I have been reading Culler's more comprehensive books on Structuralism and Deconstruction. I was having trouble reading these, so I stopped and read this, along with the other "Very Short Introduction" on Poststructuralism (not by Culler.)

I am finishing up "On Deconstruction" and it has been very smooth sailing, thanks to this book.

If you are not a beginner, this book probably isn't necessary, but if you are, it might be useful

3-0 out of 5 stars Spasmodically insightful.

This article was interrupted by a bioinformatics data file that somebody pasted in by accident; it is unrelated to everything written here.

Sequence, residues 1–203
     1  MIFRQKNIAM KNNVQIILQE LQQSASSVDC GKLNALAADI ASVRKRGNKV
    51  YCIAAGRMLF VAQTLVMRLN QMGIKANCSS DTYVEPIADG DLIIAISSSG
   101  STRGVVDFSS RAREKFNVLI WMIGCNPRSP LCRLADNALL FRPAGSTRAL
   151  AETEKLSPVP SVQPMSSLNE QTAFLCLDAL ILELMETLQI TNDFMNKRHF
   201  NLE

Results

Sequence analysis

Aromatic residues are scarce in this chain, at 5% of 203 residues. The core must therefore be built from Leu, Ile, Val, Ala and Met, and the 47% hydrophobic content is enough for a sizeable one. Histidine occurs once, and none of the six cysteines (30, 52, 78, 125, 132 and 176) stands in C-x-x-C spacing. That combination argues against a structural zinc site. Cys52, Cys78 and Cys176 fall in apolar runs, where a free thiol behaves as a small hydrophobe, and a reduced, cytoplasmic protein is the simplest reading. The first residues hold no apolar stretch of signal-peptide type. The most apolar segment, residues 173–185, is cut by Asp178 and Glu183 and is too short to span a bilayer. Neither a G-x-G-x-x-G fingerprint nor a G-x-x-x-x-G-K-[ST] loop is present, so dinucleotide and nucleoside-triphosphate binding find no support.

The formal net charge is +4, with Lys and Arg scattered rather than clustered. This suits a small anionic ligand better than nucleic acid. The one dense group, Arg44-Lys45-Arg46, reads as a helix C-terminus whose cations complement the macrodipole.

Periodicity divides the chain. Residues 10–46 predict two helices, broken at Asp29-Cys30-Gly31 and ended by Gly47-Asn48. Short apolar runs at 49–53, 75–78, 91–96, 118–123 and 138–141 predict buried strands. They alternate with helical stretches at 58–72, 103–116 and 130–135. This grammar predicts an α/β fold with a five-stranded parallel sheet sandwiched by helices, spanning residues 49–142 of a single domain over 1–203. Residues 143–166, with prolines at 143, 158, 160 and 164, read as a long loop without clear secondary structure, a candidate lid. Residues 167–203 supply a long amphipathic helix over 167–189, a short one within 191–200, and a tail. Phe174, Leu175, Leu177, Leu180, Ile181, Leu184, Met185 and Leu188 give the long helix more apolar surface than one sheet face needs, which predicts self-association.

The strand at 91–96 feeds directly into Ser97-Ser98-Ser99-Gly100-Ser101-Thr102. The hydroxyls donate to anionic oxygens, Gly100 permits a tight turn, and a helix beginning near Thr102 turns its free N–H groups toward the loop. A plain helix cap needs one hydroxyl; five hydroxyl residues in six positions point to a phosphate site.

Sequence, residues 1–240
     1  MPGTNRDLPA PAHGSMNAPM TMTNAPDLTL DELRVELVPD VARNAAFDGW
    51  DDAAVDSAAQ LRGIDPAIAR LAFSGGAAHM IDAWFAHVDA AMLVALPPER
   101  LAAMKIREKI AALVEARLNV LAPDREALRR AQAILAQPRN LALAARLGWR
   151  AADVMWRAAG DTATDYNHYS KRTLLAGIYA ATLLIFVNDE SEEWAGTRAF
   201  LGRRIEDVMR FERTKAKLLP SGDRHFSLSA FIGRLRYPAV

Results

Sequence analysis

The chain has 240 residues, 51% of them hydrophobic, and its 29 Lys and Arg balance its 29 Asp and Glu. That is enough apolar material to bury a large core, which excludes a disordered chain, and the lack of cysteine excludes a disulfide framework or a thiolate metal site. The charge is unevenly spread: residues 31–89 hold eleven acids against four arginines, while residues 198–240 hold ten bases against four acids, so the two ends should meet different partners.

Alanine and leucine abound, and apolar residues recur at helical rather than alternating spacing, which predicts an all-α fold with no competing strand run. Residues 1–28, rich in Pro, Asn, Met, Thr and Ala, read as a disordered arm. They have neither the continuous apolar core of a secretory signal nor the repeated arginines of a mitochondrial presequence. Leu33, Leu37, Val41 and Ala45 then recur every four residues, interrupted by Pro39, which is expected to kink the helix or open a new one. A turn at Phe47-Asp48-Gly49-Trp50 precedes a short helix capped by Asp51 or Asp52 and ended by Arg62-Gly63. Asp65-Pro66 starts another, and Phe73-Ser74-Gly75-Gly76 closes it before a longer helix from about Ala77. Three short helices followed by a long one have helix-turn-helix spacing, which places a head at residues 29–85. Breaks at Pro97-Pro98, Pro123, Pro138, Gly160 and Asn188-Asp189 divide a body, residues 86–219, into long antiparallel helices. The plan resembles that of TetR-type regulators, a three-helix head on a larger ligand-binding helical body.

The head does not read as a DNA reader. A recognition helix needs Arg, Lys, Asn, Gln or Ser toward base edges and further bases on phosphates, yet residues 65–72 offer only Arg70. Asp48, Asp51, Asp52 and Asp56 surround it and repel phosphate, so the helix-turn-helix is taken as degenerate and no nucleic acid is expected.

Once again, Culler shows that he can explain theory in a manner that is relatively accessible to the neophyte yet likely to go down well with his peers. All the same, the final effect is less than satisfying. As thoughtful as the seven meditations on theory and language are, they don't have sufficient cohesion to make much of an impression (let alone a memorable one) on a reader fresh to theory. One wishes the author had paid more attention to the historical periods of theory and the revisions of successive generations, if only to clarify key distinctions. Or that this commentary (like many other recent explanations of literary theory) did not pass by archetypal criticism, which may be reductive and out of fashion in the academy but for many younger readers offers an edifying and useful approach. Instead, he manages to touch on Foucault, Derrida, and Lacan in the introductory chapter and devotes later chapters to discussions about J. L. Austin and performative language along with a section about Judith Butler.